One year after SARS-CoV-2 was first reported in humans, several mutations in S leading to deletions or amino acid exchanges have emerged independently in several countries (e.g. UK, South Africa, and Brazil) and are becoming regionally predominant (Plante et al. 2020; Tegally et al. 2020; Faria et al. 2021; Volz et al. 2021). These amino acid exchanges or deletions in S can lead to increased transmission by increasing infectivity (e.g. D614G) (Plante et al. 2020), enhancing human ACE2-binding affinity (e.g. N439K and N501Y) (Starr et al. 2020; Thomson et al. 2020), or conferring partial immune escape by reduction of neutralizing activity to both human-derived polyclonal sera and monoclonal antibodies (e.g. N439K, E484K, K417N, N501Y, Δ69/70) (Kemp et al. 2021; Thomson et al. 2021; Weisblum et al. 2020; McCarthy et al. 2021; Wang et al. 2021). Most of these mutations are located within the RBD, which is indicative of the relevance of that genomic domain for viral adaptive evolution and consistent with our results and those of other studies (Wong et al. 2017; Weisblum et al. 2020). Some of the immune escape mutations were reported to emerge in immunocompromised individuals after treatment with monoclonal antibodies and convalescent plasma (Choi et al. 2020; Kemp et al. 2021). Although it is possible that prolonged within-host evolution of SARS-CoV-2 in immunocompromised individuals can enhance the emergence of mutations conferring immune escape, intense uncontrolled community transmission of SARS-CoV-2 will facilitate the emergence of escape variants irrespective of host immune status. Immune escape is all the more worrying because weak immune responses against SARS-CoV-2 have been reported to occur particularly in mild and asymptomatic infections (Okba et al. 2020; Wajnberg et al. 2020) and sporadically linked to re-infection with SARS-CoV-2 (Gupta et al. 2020; To et al. 2020; Tillett et al. 2021). Finally, neutralization assays of viruses pseudotyped with SARS-CoV-2 spike variants (e.g. UK-B.1.1.7 and South Africa-B.1.351) demonstrated reduced levels of neutralization by vaccinee-derived antisera (Madhi et al. 2021; Tada et al. 2021; Wu et al. 2021). COVID-19 vaccines may therefore require constant evaluation during pandemic SARS-CoV-2 spread.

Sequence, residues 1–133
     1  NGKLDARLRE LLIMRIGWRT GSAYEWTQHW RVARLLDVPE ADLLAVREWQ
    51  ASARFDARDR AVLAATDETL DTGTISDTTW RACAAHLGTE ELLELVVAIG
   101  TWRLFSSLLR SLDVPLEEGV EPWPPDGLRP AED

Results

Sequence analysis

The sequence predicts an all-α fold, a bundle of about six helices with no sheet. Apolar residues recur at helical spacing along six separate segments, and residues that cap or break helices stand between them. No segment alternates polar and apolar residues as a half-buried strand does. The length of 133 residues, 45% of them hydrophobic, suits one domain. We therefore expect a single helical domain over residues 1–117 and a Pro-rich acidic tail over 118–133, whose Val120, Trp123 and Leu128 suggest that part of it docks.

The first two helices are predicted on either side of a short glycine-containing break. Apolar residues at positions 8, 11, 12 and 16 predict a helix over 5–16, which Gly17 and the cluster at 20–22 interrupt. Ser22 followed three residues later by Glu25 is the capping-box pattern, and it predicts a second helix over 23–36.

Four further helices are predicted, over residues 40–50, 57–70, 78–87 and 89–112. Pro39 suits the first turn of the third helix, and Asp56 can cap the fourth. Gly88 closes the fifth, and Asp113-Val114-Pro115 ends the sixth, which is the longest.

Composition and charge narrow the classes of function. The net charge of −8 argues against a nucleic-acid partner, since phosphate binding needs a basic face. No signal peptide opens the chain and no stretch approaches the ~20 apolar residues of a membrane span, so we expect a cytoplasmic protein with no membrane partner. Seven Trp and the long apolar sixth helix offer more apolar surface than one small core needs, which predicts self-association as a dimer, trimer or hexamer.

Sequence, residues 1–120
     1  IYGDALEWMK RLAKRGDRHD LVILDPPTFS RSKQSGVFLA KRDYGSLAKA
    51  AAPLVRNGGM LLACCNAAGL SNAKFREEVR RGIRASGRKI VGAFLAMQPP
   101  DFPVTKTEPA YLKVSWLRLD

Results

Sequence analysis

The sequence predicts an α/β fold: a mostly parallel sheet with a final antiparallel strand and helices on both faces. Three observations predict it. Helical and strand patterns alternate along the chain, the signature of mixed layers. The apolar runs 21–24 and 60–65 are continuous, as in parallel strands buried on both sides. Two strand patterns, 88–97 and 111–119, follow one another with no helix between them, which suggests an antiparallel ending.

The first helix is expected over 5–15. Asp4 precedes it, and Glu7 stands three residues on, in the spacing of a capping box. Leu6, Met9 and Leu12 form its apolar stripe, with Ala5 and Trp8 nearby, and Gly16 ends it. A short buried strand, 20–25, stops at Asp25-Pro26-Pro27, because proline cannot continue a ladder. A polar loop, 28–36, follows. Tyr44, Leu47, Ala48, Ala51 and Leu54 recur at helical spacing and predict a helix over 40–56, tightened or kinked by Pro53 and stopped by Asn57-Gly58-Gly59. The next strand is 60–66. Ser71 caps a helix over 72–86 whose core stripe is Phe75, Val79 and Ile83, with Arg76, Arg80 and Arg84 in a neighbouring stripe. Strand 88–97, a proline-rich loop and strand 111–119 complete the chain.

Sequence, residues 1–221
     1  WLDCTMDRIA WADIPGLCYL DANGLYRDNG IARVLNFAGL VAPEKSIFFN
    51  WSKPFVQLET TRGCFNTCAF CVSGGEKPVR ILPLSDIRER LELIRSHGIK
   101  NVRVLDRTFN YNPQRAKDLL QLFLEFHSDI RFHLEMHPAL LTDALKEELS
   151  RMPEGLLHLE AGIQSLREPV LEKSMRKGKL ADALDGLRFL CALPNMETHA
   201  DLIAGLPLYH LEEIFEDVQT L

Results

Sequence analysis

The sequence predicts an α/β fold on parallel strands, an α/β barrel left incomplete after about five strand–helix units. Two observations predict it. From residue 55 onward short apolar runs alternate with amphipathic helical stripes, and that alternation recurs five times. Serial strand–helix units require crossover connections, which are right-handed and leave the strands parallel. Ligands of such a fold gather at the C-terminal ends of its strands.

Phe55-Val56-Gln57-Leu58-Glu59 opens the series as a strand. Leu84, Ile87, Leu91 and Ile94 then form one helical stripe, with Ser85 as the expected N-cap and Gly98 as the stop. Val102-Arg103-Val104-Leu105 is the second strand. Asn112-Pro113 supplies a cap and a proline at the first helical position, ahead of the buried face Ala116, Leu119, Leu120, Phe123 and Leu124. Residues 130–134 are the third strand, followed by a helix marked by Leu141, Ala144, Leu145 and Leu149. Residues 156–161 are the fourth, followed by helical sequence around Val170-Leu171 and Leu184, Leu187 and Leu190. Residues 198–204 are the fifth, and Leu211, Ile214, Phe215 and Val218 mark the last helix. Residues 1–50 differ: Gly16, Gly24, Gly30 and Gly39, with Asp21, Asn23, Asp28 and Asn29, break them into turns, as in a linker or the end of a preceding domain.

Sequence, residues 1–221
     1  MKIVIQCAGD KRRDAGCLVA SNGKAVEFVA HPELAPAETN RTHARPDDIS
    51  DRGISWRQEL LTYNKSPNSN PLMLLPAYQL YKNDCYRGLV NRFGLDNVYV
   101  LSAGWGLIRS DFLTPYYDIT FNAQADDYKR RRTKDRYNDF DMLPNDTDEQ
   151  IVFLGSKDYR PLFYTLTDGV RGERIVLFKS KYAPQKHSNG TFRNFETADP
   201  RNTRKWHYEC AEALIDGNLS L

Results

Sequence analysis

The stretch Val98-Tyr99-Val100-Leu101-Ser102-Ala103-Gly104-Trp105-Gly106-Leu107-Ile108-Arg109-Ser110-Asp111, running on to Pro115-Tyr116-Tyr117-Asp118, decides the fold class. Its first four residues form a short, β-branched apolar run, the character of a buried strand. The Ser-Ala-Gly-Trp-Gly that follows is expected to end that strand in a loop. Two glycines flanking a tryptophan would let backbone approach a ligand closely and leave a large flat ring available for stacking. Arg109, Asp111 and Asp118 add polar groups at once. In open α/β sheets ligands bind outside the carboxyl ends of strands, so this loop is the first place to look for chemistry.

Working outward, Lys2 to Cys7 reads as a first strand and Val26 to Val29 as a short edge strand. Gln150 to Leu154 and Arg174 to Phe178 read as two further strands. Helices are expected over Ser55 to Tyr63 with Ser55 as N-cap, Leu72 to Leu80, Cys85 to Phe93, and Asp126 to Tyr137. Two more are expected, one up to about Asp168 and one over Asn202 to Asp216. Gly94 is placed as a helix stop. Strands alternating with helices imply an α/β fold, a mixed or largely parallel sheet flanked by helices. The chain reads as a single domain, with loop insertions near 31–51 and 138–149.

Limitations in our study include the small number of sequences per year and the different dataset sizes. Another limitation was the use of only S gene sequences, as T-cell reactivity has been reported for other SARS-CoV-2 proteins such as M, N and several non-structural proteins (Grifoni et al. 2020; Le Bert et al. 2020). However, the S protein is the main target of neutralizing antibodies (Premkumar et al. 2020), and therefore the main viral protein used for vaccine development (Jackson et al. 2020; Mulligan et al. 2020).